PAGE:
The predicament of the narrator, known only as “middle sister”, intensifies when rumours begin that she’s having an affair with this older married man. She’s now “beyond the pale” in the eyes of her community. They daren’t openly attack her for fear of retribution upon their own families but they can still make their distaste evident. Even a simple task like buying chips for her sisters’ supper becomes loaded with hostility.
Milkman is a powerful and intense novel about a city in turmoil and a population fearful they will make just one wrong comment or take one false step. Even groceries are loaded with meaning. There is “the right butter. The wrong butter. The tea of allegiance. The tea of betrayal. There were ‘our shops’ and ‘their shops’.” Distrust of state forces is universal but so too is distrust of hospitals.
It’s not a novel that dazzled me initially. In fact I was frustrated because none of the characters were named. Instead they all have labels: “third brother-in-law”, “tablets girl”, “nuclear boy” and “maybe-boyfriend”. It felt an unnecessary artifice; the product of an author trying to be ‘too clever for their own good.’
But the book slowly wormed its way into my imagination and the more I read, the more entranced I became. Light eventually dawned that what was initially an irritant was actually a strength of the novel. The very namelessness made the novel more sinister, as if the world Burns is describing is impossible to comprehend in normal terms and where individual expression and identity have been lost among the violence and political speak.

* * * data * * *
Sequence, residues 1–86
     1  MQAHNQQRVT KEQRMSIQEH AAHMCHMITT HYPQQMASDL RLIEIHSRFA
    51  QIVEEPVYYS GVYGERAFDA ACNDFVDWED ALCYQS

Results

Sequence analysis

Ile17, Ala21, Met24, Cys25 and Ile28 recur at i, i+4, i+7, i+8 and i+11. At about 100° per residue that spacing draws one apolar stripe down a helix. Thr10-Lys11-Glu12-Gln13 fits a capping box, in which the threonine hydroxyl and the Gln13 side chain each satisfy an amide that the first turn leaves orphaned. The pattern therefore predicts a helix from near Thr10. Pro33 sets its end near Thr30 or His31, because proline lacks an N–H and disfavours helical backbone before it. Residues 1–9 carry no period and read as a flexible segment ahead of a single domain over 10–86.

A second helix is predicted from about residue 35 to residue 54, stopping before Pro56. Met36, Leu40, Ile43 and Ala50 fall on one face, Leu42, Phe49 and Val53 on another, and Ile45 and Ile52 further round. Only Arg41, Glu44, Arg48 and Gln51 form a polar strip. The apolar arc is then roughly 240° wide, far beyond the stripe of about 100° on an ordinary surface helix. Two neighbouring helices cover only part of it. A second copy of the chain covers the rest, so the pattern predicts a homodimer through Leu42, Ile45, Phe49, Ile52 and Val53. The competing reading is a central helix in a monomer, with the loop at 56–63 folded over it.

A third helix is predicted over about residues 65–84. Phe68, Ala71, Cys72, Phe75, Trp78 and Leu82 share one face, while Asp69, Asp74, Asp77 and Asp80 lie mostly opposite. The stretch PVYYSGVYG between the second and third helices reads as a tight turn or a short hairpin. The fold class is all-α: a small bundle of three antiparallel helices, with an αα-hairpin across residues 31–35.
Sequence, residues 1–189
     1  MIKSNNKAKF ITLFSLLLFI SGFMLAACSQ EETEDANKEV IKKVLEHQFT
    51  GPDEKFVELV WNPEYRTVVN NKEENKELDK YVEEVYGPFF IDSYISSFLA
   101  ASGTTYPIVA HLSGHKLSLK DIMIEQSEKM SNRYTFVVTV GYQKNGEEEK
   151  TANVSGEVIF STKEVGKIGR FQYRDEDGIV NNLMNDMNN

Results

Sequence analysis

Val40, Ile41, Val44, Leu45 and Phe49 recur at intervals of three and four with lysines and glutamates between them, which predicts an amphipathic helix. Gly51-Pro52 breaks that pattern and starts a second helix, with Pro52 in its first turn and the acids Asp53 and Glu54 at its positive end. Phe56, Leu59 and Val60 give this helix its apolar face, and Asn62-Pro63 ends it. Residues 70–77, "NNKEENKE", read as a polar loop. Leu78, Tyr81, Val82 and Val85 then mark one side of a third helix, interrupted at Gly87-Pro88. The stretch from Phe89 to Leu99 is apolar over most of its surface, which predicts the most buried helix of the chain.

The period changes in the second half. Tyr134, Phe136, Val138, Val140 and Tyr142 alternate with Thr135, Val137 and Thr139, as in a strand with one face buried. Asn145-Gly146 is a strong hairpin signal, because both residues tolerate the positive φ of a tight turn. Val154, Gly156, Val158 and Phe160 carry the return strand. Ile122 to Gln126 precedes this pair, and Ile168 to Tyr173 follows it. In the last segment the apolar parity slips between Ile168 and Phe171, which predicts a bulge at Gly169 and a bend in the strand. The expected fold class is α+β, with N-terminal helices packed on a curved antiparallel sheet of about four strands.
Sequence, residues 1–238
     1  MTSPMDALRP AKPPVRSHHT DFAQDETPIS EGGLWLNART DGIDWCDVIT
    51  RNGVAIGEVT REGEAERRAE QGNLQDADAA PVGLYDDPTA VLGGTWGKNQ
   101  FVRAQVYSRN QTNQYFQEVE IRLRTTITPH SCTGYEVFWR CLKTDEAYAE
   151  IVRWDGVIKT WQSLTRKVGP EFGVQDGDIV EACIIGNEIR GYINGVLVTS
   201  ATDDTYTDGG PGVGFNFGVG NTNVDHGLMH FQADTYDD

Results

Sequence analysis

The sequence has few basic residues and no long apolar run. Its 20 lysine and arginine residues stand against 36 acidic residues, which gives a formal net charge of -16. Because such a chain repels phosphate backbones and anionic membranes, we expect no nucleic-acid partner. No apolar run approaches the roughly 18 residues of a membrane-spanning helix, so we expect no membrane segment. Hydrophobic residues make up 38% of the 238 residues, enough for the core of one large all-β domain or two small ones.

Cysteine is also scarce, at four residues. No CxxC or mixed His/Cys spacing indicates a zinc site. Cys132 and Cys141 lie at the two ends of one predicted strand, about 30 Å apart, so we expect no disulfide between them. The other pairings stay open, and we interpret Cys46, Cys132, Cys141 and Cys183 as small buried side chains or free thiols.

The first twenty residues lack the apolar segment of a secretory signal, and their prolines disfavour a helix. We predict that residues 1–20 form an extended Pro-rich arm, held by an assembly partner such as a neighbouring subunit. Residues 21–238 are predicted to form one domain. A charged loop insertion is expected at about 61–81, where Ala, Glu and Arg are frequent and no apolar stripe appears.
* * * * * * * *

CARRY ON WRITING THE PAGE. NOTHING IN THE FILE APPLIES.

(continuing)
The narrator is a tremendous creation. She tries to maintain a chippy devil-may-care attitude but she is left isolated and ground down by the association with the milkman Few people other than “the real milkman” come to her help or speak up on her behalf. She tries to reach out for help but “Ma”, “Maybe-Boyfriend” and “Oldest Friend” all believe the rumours, seeing her as a Jezebel involved in an affair with a older, married man, rather than the innocent victim of a creepy stalker. She even comes to doubt her own version of events: “Was he actually doing anything?” she wonders. “Was anything happening?”
It was not until years later that she more fully appreciates what had happened: